Life & Culture

Comedian Ashley Blaker: My unorthodox life in Little Britain

When you picture a stand-up comedian, Ashley Blaker isn't the first person that comes to mind.


When you picture a stand-up comedian, Ashley Blaker isn't the first person that comes to mind. Sure, he has a beard like a lot of laughter merchants on the circuit but, unlike them, he also has peyot and wears tzitit, rarely sighted at The Comedy Store.

No one knows this better than Ashley, who didn't embrace his faith until he reached his twenties. He had spent his assimilated youth trying to get open spots at comedy clubs after honing his act at Haberdashers Boys School.

Clearly there really is something funny in the water at Ashley's Hertfordshire alma mater as Sacha Baron Cohen, David Baddiel and Matt Lucas are all former pupils, though Ashley, who went to both Oxford and Cambridge lost interest in making laughter for a living.

"I loved comedy and thought that when I got to Cambridge I would automatically get involved in the Footlights, but I just got immersed in the work," he says of the 17th-century Christian theology he studied there.

"But when I finished with a double-first from Oxford and then a Masters in Philosophy at Cambridge, I quickly discovered that no one wanted me or cared."

Ashley had no idea what he was going to do, but a timely beer with a Habs teacher drew his attention to the media pages in the Guardian and he spotted an ad that asked: "Do You Have Funny Bones?"

"The BBC were looking for trainee comedy producers and they hired me, though it was only for six months and, in order to stay on, I had to come up with proposals for TV or radio," says Ashley. "And that was when I bumped into Matt Lucas in Soho who took me to the Groucho Club and told me about his sketch show idea."

That sketch show was Little Britain and it secured Ashley's position as a writer and producer and led to other collaborations with Matt including The Matt Lucas Awards and, more recently, Pompidou.

Ashley Blaker has worked with numerous other comics, too, and currently has two series on BBC Radio 4: Britain Versus The World and Chat Show Roulette.

"I also have my own TV company - Black Hat Productions (yes, that really is what it is called) - and we are making two series: Couples and Josh Howie's Losing It – which will be broadcast in 2016."

Despite sitting opposite this Charedi TV producer in a North London kosher deli, food barely enters the equation as there so much to discover about this multi-faceted individual. He not only wears the signature black suit and kipah of a deeply religious man to work with some of the country's most risqué comics, but that's what he wears it on stage, too.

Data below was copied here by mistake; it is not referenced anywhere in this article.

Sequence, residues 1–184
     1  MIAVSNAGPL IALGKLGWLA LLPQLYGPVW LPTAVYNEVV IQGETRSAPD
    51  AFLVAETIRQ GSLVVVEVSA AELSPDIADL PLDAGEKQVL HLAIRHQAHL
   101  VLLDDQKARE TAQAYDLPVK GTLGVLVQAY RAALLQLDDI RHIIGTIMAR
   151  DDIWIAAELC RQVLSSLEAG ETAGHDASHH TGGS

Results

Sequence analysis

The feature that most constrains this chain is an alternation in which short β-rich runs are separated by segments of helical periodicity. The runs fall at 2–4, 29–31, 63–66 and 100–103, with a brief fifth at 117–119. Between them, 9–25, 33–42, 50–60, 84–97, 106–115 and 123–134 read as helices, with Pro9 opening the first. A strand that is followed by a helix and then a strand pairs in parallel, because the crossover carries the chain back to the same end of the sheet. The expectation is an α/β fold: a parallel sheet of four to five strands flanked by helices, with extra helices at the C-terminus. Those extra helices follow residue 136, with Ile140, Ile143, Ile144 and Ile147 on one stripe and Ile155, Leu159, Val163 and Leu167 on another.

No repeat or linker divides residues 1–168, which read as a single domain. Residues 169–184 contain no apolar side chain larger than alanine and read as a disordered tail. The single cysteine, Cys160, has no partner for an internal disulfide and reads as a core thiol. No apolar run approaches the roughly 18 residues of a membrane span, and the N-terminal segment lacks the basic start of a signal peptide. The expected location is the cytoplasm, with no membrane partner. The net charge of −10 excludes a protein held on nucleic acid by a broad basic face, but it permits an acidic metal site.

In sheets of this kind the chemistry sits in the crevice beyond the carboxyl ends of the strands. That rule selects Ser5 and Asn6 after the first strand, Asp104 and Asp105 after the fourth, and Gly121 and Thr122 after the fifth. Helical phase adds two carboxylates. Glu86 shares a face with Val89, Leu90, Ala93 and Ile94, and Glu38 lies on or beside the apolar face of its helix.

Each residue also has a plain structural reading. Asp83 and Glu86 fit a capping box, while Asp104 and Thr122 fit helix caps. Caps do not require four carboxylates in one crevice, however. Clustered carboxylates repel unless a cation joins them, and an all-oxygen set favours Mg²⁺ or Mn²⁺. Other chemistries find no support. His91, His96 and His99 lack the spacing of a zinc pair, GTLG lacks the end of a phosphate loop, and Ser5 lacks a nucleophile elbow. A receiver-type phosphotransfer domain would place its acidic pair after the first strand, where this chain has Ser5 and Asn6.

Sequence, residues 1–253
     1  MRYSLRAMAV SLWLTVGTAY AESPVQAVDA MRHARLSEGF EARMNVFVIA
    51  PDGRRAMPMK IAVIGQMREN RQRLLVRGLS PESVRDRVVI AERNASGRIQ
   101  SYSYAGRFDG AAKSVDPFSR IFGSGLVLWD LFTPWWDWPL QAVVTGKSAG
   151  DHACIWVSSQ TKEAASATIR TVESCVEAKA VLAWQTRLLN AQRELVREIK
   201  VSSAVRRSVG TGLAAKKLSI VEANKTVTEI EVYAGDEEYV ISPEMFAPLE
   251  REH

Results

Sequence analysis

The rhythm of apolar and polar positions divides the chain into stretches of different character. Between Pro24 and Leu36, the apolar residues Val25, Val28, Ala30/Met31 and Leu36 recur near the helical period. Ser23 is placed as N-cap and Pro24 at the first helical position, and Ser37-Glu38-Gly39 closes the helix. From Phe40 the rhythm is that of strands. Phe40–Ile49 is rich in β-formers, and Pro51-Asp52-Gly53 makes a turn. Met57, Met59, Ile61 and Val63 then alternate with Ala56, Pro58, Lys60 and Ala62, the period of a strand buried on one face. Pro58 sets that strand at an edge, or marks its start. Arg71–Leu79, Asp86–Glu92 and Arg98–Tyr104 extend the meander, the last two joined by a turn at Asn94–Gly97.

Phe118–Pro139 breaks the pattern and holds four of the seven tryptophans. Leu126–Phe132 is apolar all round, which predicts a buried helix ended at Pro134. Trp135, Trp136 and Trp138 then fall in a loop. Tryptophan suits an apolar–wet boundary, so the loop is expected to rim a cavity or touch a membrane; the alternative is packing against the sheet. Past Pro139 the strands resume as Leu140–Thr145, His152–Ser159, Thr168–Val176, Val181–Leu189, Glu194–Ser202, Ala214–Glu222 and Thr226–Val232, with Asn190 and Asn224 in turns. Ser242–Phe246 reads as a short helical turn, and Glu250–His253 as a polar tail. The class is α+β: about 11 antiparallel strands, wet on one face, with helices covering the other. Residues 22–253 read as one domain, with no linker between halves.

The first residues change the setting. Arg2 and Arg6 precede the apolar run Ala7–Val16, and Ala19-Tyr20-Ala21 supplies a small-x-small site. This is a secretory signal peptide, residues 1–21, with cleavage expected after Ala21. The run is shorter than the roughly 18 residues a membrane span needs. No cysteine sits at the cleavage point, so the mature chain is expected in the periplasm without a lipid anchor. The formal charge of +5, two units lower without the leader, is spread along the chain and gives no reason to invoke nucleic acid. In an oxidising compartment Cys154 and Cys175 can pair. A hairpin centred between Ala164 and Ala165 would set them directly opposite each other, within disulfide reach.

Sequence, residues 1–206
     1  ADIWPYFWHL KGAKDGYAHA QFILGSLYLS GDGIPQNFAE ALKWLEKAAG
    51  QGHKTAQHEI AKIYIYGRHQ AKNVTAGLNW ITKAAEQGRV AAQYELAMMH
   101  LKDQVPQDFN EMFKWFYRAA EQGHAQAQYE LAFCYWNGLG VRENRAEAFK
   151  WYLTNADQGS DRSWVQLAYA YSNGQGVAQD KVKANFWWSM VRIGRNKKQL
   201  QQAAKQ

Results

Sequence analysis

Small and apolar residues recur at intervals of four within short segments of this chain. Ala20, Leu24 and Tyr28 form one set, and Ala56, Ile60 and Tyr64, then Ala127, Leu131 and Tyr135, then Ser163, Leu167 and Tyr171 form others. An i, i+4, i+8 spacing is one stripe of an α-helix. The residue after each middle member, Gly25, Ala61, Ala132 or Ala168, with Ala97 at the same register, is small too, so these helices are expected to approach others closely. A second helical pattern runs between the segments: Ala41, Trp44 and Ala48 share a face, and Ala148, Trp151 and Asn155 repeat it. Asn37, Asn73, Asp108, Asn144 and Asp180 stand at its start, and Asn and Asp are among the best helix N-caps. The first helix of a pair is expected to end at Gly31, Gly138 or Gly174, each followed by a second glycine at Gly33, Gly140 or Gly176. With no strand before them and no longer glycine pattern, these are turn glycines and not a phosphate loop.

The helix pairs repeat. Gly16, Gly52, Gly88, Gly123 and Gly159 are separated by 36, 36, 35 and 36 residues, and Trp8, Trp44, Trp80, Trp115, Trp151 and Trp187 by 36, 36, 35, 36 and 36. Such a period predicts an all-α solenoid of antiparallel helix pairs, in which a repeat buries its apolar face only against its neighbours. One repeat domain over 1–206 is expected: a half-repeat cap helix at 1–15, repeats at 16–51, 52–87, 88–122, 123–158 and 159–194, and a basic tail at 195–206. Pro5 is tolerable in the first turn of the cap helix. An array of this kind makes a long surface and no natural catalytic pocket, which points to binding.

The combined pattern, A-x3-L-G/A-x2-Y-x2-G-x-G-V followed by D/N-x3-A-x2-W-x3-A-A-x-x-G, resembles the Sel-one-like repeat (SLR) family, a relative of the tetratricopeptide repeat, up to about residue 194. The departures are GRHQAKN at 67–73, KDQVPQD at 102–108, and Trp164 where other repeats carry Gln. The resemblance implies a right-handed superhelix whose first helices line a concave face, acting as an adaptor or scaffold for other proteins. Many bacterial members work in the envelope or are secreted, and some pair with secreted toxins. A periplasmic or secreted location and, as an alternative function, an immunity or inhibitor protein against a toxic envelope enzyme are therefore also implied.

Not content with a life - an unusual one for an Orthodox man - behind the scenes, Blaker has been scaling back his TV work to prepare for his first stand-up tour, Ungefiltered, which will take him to selected venues (predominantly synagogues) throughout the country.

Given that when he first stands up in a shul, congregants assume he is just another visiting rabbi, the following hilarity is all the more enjoyable and the enthusiastic reviews on his website from the likes of Rabbi Mendel Kalmenson, Chabad of Belgravia and Rabbi Dovid Eisenberg of Prestwich Hebrew Congregation are a testament to his ability to amuse the toughest and unlikeliest of crowds.

Of course, like any stand-up, success depends on the material, which in Blaker's case consists of his observations on Orthodoxy. Not shaking hands with women; Gateshead yeshiva; wearing a baseball cap to travel to work - all these feature in his 80-minute act, which has to be seen to be appreciated. And it really is appreciated, notably by those who would ordinarily never have dared to giggle at their own rituals and behaviour.

"I was asked to entertain a group from Borough Park in New York which has the largest Orthodox community outside of Israel," says Ashley. "They were coming for a wedding and booked me for a night during the sheva brachot. The men were in shtreimels and the women were behind a screen, but they all laughed and a lot of them asked for my card afterwards."

Though Blaker would never describe his switch to Orthodoxy as an epiphany it has completely changed his life and he is visibly joyful about it. Sparked by a year's free shul membership following his marriage to wife Gemma, the invitation to make up a minyan by Edgware United's Rabbi David Lister led to the spiritual awakening and he is now part of the furniture at the shtibl, Machzikei Hadass, in Edgware.

He also has six children, two of whom have autism, and an adopted daughter who has Down's Syndrome.

Ashley Blaker could easily be the subject of a TV documentary though, as a seasoned producer, it's unlikely that he would risk such exposure. Not that he would ever see the programme as, by his own admission, "I am probably the only person who works in TV, but doesn't own one".

Yet he is keen to carve out a career as a stand-up and potentially break America, if only to show that Orthodox Jews can laugh just as easily as those who are non-religious and unaffiliated.

"My show is for all Jews because the Jewish experience is universal," he says. "Of course, when I perform for a Charedi crowd in Stamford Hill I make slight adjustments (Abraham becomes Avraham) but the humour itself doesn't change. And I know that everyone isn't going to agree with what I say as I have had to deal with complaints."

But if anyone challenges Ashley Blaker on his new direction he has the Talmud to fall back on as he explains: "The prophet Elijah, while wandering through a market place, was asked who would enter heaven directly and he pointed to two comedians. 'Only them,' he said 'Because they heal through laughter.'

Ashley Blaker is clinging to that story, but I don't think he'll need it.

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